Don't Tase me, bro
Mrs. B. writes to inquire about the proper past tense for the verb to Taser:
I've emailed the Taser company but have not received a response.
I'm thinking you might get one or you might know the answer.
Is the verb "Tasered" or "Tased"?
I hear from anchors and reporters who want to be correct.
It’s not a surprise that you haven’t received a response. Here’s how to get one. Use either Tasered or Tased in published or broadcast material, and you will very likely get a lawyer letter informing you that TASER is a registered trademark of TASER International and is not to be used at all as a verb, or, for that matter, as a noun except in reference to the products of TASER International. The letter may also suggest that you use the little trademark symbol with TASER. Generic references to an electronic stunning device are acceptable. Go and sin no more.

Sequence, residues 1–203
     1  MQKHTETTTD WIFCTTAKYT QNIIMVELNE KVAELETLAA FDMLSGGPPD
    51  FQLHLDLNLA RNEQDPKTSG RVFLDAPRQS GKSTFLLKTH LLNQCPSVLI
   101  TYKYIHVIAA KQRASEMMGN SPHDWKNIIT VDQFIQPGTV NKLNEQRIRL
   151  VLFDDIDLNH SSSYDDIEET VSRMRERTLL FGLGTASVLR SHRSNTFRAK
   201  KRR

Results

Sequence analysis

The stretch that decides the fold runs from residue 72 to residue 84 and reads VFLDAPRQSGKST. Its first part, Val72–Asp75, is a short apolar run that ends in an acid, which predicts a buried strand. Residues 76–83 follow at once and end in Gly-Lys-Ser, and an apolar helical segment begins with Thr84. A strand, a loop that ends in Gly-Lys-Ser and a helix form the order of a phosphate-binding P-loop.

The practical effect of such letters is typically small. Companies retain law firms to send out such letters to display that they are vigilant about protecting their proprietary rights to product names.
Of course the video from last September at the University of Florida — find it on YouTube if you haven’t already seen it — at which the kid being stunned uttered the famous line from which I take today’s title, shows that the verb has lodged in the language. At least temporarily. And I doubt that there is much that TASER International can do about it, except perhaps shrug it off as free advertising.
But since I’m asked for one of my curbside rulings: Use taser as a verb and restrict tase to quoted matter. Maybe you’ll get a lawyer letter telling you to capitalize the words.